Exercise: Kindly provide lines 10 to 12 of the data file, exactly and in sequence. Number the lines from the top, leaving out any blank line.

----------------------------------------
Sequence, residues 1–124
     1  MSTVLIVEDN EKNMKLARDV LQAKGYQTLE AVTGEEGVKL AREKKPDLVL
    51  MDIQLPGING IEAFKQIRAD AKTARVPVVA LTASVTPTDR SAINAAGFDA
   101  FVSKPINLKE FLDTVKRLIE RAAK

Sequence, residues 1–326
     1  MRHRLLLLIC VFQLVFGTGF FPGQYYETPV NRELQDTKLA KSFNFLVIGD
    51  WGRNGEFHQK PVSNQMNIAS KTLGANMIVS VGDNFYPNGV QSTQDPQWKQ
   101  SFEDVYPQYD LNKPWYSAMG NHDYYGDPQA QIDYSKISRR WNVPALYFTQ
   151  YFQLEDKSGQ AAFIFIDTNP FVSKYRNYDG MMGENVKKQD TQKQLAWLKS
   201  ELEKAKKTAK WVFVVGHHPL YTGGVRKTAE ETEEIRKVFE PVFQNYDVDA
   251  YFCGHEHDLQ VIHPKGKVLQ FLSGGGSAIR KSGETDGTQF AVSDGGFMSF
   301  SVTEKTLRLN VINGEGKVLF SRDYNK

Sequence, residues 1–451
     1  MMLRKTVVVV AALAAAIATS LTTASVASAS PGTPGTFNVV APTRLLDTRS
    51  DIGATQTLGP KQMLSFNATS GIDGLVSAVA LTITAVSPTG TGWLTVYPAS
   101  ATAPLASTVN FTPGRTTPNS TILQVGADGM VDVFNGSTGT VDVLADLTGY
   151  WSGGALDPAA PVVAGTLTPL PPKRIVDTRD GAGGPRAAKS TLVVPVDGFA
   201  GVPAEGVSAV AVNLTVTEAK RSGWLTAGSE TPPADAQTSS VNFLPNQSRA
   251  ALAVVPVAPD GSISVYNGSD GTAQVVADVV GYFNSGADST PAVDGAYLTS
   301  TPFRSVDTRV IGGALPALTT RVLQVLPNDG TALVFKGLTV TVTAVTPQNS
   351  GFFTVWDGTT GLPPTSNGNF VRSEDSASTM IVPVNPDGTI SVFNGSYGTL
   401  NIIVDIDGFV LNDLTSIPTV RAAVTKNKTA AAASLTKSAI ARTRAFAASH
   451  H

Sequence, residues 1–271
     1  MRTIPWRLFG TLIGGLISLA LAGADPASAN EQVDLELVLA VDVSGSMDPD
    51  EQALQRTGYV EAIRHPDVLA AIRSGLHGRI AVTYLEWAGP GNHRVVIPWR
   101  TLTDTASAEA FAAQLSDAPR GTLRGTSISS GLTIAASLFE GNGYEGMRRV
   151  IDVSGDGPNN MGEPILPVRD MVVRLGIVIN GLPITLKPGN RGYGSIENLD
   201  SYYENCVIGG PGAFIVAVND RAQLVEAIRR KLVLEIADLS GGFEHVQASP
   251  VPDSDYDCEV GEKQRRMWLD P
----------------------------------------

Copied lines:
   201  ELEKAKKTAK WVFVVGHHPL YTGGVRKTAE ETEEIRKVFE PVFQNYDVDA
   251  YFCGHEHDLQ VIHPKGKVLQ FLSGGGSAIR KSGETDGTQF AVSDGGFMSF
   301  SVTEKTLRLN VINGEGKVLF SRDYNK